by Jonathan Movroydis
In the following Hoover Q&A, former Senator Orrin Hatch (R-UT) and Hoover Institution Research Fellow David Davenport discuss “Commonsense Solutions to Our Civics Crisis,” a newly released Hatch Center special report authored by Davenport.
Hatch and Davenport argue that American educators and policy makers have incorrectly responded to foreign competition by overemphasizing STEM (science, technology, engineering, and mathematics) at the expense of civic education. They also underscore the importance of civics in nurturing the formation of American citizenship, closing the deficit of trust between government and the people, and strengthening the resilience of democratic institutions.
Why did the Hatch Center commission this report about America’s civic education crisis?
Hatch: The Hatch Center—the policy arm of the Orrin G. Hatch Foundation —is a national think tank focused on promoting civility and solutions. Part and parcel of that effort is reinvigorating civics teaching. From our research, we knew that the seeds of division and dysfunction now undermining American society were sown—at least in part—by decades of neglect in the area of civic education. To reinvigorate our democracy, we need to re-center civics at the heart of our education system. That’s why in the spring of this year, we reached out to Hoover’s David Davenport to join us in writing this special report on our nation’s civics crisis.
Why do you believe that the current state of American democracy is anemic?
Hatch: Anemic describes a state of fatigue brought on by lack of oxygen in the bloodstream. And American democracy—just like the human body—requires a steady supply of oxygen in the bloodstream to function properly. But right now, the body politic is oxygen starved.
Civic learning breathes life into our democracy, and currently we’re not getting enough of it. We’re carrying out all the rituals of a modern democracy—elections, inaugurations, televised debates, and the like. But our bloodstream isn’t carrying the oxygen we need to survive. We are encouraging people to organize, vote, and even run for office, but many of those same people lack the civic knowledge they need to sustain our democracy over the long term. The results are weak and dysfunctional institutions, chronic gridlock, and growing fatigue over the state of our politics. That’s why I describe the state of our democracy as anemic.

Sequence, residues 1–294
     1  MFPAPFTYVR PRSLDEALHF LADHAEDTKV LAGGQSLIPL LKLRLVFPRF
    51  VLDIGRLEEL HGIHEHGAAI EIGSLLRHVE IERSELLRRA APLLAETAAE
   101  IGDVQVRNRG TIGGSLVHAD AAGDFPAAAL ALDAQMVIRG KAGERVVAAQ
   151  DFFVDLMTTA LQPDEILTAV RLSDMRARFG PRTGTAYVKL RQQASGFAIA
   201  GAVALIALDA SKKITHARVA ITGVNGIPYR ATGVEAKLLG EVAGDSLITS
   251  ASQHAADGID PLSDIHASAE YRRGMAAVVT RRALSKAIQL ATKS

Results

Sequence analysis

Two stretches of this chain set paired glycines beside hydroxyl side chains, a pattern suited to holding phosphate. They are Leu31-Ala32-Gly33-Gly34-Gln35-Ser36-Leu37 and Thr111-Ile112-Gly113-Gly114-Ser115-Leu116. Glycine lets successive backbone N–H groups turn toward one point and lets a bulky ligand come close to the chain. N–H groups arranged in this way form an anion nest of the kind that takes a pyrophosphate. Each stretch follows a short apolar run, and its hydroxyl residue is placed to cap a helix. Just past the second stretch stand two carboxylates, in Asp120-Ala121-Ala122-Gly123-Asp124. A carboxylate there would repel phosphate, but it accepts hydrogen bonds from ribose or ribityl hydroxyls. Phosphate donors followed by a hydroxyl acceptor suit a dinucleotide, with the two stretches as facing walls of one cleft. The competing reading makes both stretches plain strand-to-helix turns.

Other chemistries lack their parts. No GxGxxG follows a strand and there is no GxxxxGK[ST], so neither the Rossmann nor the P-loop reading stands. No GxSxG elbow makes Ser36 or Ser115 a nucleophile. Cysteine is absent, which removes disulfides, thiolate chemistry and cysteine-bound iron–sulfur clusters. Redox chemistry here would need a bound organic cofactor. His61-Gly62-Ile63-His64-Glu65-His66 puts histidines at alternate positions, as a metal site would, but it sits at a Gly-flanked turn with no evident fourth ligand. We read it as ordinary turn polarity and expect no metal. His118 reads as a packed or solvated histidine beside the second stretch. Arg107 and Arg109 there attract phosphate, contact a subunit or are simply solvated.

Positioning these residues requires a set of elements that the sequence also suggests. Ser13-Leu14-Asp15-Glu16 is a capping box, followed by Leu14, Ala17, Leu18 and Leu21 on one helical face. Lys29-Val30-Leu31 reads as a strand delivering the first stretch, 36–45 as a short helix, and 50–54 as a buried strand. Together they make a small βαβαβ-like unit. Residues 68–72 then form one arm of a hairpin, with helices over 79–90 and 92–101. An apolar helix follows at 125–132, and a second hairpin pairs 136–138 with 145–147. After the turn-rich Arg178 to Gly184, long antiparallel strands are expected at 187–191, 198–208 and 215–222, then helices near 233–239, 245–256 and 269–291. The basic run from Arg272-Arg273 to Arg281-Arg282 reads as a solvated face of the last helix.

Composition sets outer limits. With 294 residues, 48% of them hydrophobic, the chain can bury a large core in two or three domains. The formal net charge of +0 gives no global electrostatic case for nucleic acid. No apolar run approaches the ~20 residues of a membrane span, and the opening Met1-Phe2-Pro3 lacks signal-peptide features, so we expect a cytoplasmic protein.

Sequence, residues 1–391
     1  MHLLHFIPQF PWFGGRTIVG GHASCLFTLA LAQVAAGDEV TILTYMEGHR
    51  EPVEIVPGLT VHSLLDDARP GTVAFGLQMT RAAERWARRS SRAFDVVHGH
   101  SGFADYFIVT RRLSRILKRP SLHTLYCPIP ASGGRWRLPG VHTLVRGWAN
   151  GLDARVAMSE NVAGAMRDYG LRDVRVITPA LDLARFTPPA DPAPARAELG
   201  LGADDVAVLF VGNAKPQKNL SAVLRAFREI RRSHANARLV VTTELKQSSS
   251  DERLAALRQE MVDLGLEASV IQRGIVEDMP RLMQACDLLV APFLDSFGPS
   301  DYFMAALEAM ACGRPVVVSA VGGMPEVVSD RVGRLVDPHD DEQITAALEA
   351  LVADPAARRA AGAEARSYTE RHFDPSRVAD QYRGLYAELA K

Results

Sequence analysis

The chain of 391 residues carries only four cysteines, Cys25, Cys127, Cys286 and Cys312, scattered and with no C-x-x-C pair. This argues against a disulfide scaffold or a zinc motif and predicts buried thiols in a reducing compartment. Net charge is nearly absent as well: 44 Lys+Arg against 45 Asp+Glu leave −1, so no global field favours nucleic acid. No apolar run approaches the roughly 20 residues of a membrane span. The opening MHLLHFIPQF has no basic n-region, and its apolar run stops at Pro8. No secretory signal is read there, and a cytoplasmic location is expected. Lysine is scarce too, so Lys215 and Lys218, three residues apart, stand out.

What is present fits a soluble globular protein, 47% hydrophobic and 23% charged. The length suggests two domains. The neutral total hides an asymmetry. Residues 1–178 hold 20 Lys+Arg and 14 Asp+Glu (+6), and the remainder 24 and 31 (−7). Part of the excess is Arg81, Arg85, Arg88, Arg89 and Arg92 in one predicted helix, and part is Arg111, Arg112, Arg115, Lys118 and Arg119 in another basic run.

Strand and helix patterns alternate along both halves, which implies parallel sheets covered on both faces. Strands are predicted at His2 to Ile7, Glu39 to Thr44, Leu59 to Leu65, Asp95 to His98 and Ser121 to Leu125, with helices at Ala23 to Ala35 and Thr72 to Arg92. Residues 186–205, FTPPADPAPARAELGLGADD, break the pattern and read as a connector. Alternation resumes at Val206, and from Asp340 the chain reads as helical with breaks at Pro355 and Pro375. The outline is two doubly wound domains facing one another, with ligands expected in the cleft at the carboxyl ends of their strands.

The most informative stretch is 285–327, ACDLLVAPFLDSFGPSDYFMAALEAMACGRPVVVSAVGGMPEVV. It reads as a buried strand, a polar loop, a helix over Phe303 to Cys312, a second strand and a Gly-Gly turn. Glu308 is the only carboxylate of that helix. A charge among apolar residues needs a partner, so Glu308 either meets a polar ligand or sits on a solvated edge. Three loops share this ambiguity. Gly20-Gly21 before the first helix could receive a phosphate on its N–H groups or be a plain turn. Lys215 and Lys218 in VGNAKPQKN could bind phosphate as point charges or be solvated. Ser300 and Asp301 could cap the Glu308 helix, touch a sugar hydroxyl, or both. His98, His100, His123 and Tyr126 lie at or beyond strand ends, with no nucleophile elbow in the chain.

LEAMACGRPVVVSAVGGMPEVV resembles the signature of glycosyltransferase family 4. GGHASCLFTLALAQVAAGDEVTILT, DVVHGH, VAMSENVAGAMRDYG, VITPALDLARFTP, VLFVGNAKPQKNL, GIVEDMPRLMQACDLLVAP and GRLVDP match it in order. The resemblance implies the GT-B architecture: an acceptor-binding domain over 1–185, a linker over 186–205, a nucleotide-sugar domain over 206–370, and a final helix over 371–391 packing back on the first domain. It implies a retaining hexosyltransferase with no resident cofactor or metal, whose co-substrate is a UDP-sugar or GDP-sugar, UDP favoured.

Did the Founding Fathers have a vision for how Americans would learn about their country?
Davenport: Yes, the founders had in mind that the primary purpose of school was to educate Americans about citizenship. There are quotations from the founders, which I include in my paper, explaining that the preservation of a free republic depended on a virtuous and educated citizenry, and the place that that was going to happen was in the schoolhouse. We have given up on that idea today and have been reduced into thinking that school exists just to teach us math, reading, and science in particular.
What are the roots of the current crisis in civic education?
Davenport: I think the crisis arose from otherwise good intentions. Our education policy strategy has been directed toward maintaining international competitiveness and has caused us to change the balance of our curriculum. When Sputnik was launched in the 1950s, we were horrified that we had a science and technology deficit relative to Russia. In the early 1980s, there was a major report issued by the US National Commission on Excellence in Education called “A Nation at Risk” that described how we were far behind other countries in math and also to some degree in reading. That report moved us down the road to more standardized testing and spending substantial school time preparing for and administering those tests. Now we've decided to spend billions of dollars to focus teaching on STEM, based on the belief that it is the only way the United States can be globally competitive in the future.